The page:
(Henry B. Linford Award for Distinguished Teaching Address) Low Temperature Plasma Etching of Copper, Silver, and Gold Films

Monday, May 12, 2014: 15:50
Flagler, Ground Level (Hilton Orlando Bonnet Creek)
D. W. Hess (Georgia Institute of Technology)
Copper, silver and gold films have garnered considerable interest due to the numerous applications possible as a result of their unique electrical and optical properties.  Specifically, low resistivity and good electromigration resistance make these films attractive as interconnect layers in integrated circuits and microelectronic devices, while nano structures of these metals can be used to form plasmonic devices. 

Fabrication of structures, devices and circuits with these metals generally requires etching or patterning methods.  However, the Group 11 metals are inherently difficult to reactively plasma etch at reasonable (<100 oC) temperatures because of the limited volatility of compounds that can be formed with these metals.  As a result, additive processes (e.g., lift-off or electroplating followed by polishing) have been the preferred approach to generating patterns/structures.  In contrast, pattern formation by subtractive etching offers simplicity, consistency with the patterning processes used for other films in device manufacture, and in some cases may alleviate limitations (size effect in Cu) in the fabrication of future generation devices.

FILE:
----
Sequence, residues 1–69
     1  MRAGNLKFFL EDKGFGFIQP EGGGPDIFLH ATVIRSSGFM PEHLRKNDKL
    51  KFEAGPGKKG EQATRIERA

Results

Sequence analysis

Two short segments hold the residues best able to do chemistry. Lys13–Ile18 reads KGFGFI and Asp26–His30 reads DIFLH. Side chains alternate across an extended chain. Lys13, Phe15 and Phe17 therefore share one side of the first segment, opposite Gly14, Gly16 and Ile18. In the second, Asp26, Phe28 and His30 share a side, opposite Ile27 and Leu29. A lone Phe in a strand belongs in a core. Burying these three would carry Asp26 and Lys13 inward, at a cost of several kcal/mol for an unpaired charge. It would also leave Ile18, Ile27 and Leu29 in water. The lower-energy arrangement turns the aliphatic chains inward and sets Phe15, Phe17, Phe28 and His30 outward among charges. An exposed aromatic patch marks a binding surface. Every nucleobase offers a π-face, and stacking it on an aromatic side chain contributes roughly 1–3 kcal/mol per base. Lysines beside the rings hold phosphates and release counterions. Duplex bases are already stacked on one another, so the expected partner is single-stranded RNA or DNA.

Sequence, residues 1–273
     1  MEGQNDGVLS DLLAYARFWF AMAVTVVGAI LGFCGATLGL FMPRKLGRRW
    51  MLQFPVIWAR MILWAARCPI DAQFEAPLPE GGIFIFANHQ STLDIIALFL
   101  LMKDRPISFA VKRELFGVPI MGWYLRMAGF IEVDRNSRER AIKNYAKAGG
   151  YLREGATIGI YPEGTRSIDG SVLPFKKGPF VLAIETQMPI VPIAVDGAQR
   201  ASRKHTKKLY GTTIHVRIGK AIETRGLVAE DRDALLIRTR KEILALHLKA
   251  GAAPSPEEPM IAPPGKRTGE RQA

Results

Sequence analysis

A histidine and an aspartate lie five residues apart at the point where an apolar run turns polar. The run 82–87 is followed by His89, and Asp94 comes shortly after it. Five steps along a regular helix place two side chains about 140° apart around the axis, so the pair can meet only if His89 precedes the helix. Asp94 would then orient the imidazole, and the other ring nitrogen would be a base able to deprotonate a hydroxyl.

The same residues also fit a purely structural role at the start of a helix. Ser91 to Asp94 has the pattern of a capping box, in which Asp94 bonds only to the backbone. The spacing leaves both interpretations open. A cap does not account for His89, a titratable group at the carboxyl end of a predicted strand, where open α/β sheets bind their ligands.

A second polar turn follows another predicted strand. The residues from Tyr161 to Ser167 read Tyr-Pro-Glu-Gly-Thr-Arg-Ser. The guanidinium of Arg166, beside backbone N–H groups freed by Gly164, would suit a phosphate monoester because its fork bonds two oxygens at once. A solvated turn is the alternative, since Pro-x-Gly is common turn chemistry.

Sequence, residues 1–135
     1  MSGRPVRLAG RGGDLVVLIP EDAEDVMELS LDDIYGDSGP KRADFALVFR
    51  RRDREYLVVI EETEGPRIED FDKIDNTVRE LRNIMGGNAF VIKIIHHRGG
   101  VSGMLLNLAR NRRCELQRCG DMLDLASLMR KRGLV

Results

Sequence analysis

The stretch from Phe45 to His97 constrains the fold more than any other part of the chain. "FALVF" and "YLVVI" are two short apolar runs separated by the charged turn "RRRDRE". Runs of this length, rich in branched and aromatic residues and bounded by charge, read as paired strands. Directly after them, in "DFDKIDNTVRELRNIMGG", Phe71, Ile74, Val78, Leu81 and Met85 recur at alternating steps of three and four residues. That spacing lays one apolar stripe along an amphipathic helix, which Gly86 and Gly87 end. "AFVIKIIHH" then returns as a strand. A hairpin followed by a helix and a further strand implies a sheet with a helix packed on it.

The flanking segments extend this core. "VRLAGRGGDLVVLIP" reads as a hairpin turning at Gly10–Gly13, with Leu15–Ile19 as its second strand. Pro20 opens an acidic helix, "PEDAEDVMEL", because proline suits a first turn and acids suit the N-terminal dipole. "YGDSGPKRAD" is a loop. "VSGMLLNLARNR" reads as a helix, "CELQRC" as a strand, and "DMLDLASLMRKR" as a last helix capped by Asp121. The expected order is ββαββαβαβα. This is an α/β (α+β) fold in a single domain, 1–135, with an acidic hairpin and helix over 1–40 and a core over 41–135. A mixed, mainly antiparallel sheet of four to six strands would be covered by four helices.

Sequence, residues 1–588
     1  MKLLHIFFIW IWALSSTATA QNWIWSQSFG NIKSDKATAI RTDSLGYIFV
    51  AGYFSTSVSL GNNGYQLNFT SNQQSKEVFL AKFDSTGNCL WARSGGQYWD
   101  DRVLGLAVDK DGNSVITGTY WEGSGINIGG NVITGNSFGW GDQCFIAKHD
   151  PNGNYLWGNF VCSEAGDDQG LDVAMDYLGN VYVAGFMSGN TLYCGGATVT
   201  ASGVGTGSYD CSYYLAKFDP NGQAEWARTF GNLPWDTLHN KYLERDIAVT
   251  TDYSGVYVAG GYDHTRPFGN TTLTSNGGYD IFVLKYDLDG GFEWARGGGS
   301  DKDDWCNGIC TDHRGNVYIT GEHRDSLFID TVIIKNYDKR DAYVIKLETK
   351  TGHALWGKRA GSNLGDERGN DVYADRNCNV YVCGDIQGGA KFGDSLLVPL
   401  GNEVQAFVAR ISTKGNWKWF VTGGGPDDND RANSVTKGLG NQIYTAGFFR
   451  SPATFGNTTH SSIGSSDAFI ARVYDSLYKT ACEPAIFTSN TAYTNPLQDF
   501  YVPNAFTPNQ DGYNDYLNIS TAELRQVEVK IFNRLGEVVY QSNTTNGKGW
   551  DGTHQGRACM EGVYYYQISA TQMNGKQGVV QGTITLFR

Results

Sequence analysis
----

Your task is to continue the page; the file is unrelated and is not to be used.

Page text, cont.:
In this presentation, etching of Cu, Ag, and Au in hydrogen-based plasmas at temperatures at or below room temperature is described.  Group 11 metal hydrides form readily in an H2 plasma, suggesting that these compounds are the likely etch products, despite their limited thermodynamic stability.  Due to the low ion flux and momentum of hydrogen ions under the conditions used in the inductively-coupled plasma reactor system, sputtering alone cannot account for the etch rates observed (13, 33, and 26 nm/min respectively for Cu, Ag, and Au at 20 mTorr and 10 oC in H2).  In these cases, desorption of metal hydrides is promoted by ion, and likely photon, bombardment.  Exposure of Cu, Ag, and Au to Ar and He plasmas demonstrates that Ag and Au etch rates increase with increasing atomic mass, while Cu etch rates decrease with ion mass, suggesting that chemical reactions may be more important than physical processes for Cu etching.

A limitation to the use of H2 plasmas for patterning of Cu, Ag, and Au is that photoresist layers are etched rapidly under the conditions used, thereby requiring hard masks such as SiO2.  Furthermore, the feature slope generated with pure H2 plasmas is ~80o.  Plasma etching with methane (CH4) plasmas under the same plasma conditions as those for H2 plasmas allows the use of a photoresist mask due to the deposition of a carbon layer during the etch process.  An added benefit for Cu etching is that the etch rate increases to 17 nm/min relative to that of H2 (13 nm/min) with no change in wall slope.  These enhancements relative to H2 plasma etching appear to be due to the formation of etch products that have improved thermodynamic stability compared to copper hydrides (e.g., CH3Cu and CH3CuH-).  Preliminary etch studies of Ag and Au films using CH4 plasmas demonstrate that chemical aspects of the etch process are important, since etch rates are not reduced even with hydrocarbon deposition during the etch process.